WASHINGTON — Sen. Kamala Harris has hewed mostly to campaign events outside the glaring spotlight of the day-to-day news cycle since becoming the Democratic vice presidential nominee last month, venturing out to some battleground states, holding party-building events and headlining campaign fundraisers.
But from the start, Harris has also been busy connecting with immigrants and voters of color — sharing her own background as a child of immigrants in a way that was largely absent from her own presidential bid last year.
Harris, the U.S.-born daughter of a Jamaican father and a South Indian mother, brings a unique background to the ticket that the Biden campaign believes will energize those communities and boost the ticket in ethnically diverse battleground states like Florida, Arizona and North Carolina.
The new emphasis on her personal history is a pivot from how she conducted her campaign last year, which she launched in January 2019 by telling reporters that she simply identifies as “American” and brushing off questions delving into her identity.
Since joining the ticket in August, however, the Biden campaign has sought to reintroduce Harris to the country by placing her identity — as a biracial Black and South Asian woman and a child of immigrants — front and center.
“She knows personally how immigrant families enrich our country, as well as the challenges of what it means to grow up Black and Indian American in the United States of America,” Joe Biden said when introducing Harris as his running mate. “Her story is America's story.”
Harris’ recent trips to Pennsylvania and Florida have included stops to engage with Black and Latino communities: a “Sister to Sister” conversation with Black women in Philadelphia, a stop at a Venezuelan restaurant in Miami for lunch. She travels to Michigan on Tuesday, where she will do similar voter outreach.
The move to showcase Harris’ background comes as the campaign tries to increase its margins over President Donald Trump within minority communities.
Although Harris appeared to struggle to attract support from Black voters during her own presidential run — which ended before any primary votes were cast — the Biden campaign views her addition to the ticket as an important way to connect with an increasingly diverse electorate following a summer of protests sparked by George Floyd’s death in police custody.
On Monday the campaign released its first testimonial ad focused solely on Harris, featuring four Black men from North Carolina discussing what her historic nomination means for their community and the women in their lives.
“When you pick Kamala, she gets it. She elevates the perspective as a woman of color,” a man named Zack says in the ad playing on TV and digital in Georgia. “Harris, who for me, is just the embodiment of somebody like my mother who can do anything.”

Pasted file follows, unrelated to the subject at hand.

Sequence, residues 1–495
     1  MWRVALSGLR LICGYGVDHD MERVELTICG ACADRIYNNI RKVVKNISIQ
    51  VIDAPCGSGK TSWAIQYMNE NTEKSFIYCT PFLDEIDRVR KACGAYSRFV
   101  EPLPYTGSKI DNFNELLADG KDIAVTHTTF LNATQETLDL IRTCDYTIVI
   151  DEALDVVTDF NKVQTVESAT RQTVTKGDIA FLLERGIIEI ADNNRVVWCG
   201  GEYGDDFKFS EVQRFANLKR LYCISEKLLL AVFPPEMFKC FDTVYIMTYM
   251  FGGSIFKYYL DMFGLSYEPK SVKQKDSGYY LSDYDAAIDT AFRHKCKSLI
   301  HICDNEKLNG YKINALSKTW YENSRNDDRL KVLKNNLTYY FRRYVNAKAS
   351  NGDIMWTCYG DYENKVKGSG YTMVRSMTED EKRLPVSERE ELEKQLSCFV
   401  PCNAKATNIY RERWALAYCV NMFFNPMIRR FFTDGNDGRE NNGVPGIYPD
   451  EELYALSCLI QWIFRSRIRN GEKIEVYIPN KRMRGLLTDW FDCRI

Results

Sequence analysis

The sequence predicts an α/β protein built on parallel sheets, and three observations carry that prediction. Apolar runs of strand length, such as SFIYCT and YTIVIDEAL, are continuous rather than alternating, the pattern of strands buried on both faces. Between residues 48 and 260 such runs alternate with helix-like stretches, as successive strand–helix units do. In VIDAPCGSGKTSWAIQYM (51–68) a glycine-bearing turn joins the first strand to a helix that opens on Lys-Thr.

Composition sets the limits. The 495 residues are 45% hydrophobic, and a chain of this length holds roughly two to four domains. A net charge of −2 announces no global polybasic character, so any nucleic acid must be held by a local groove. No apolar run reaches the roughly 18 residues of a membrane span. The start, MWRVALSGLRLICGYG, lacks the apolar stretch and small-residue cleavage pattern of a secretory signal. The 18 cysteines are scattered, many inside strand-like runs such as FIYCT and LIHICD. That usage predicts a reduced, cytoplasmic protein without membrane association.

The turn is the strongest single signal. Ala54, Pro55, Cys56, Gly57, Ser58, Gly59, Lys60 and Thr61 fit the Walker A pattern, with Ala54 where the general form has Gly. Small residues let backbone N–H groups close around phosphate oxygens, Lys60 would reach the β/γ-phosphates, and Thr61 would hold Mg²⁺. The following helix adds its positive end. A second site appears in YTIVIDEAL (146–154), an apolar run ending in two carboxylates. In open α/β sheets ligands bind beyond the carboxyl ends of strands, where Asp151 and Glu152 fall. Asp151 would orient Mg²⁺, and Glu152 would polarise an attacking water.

Campaign aides say Biden’s decision to choose Harris also reflects his promise to elevate diverse voices of all backgrounds who can advise him through their own lived experience.
Harris has shared stories about her experience as the child of immigrants at numerous campaign events, both virtual and on the ground. She’s mentioned her favorite Indian and Caribbean foods (idli and oxtail stew) in interviews and sported a shirt from her historically Black alma mater, Howard University, on the web show Verzuz, an online series created during the pandemic that started as a virtual DJ battle and has a primarily younger audience.
She's tied her background into policy questions as well. In a recent interview with a Telemundo station in Arizona, Harris was asked if she could promise a decrease in deportations, mentioning her mother’s own immigrant story.
“I can promise you that,” she said, adding: “I say that as the daughter of a mother who came to the United States when she was 19 years old by herself. We have a deep commitment to making sure that we are going to create a pathway toward citizenship.”
During her primary run, Harris focused attention on her history as a former prosecutor in California working “For the People.” It wasn’t until the campaign neared its end that Harris was cooking dosas with Mindy Kaling, a comedy star of Indian descent, and sharing with union audiences experiences of racism her mother faced as an immigrant.
Former Harris aides say the reluctance to share her story was the candidate’s own decision — that she preferred talking about her work than about herself, a lesson she had taken from her mother.
Even with Harris’ involvement, polls show the campaign still has some work to do. While Biden is leading Trump among Hispanic voters in the latest NBC News/WSJ oversample poll of Latinos, 62 percent to 26 percent, Hillary Clinton led Trump 63 percent to 16 percent nationally among Hispanic voters in September 2016 — a 10 percentage point bump for the president heading into November.
A recent Telemundo/BuzzFeed poll showed that for a majority of young Latino voters, tackling racial inequality is a top concern this election. Yet when asked to name a political figure who has shown up for the Latino community, the top answer was “nobody.”
Biden campaign aides say Harris’ experience as the U.S.-born child of immigrants resonates with voters put off by Trump’s explosive rhetoric around immigration.
And Neil Makhija, the executive director of Impact, an organization that encourages Indian Americans to run for office, said Harris’ attempts to connect with immigrant constituencies has increased engagement in the community.
“When you hear your story told and recognized and appreciated, as people have, then you’re also more comfortable to speak about it,” he said.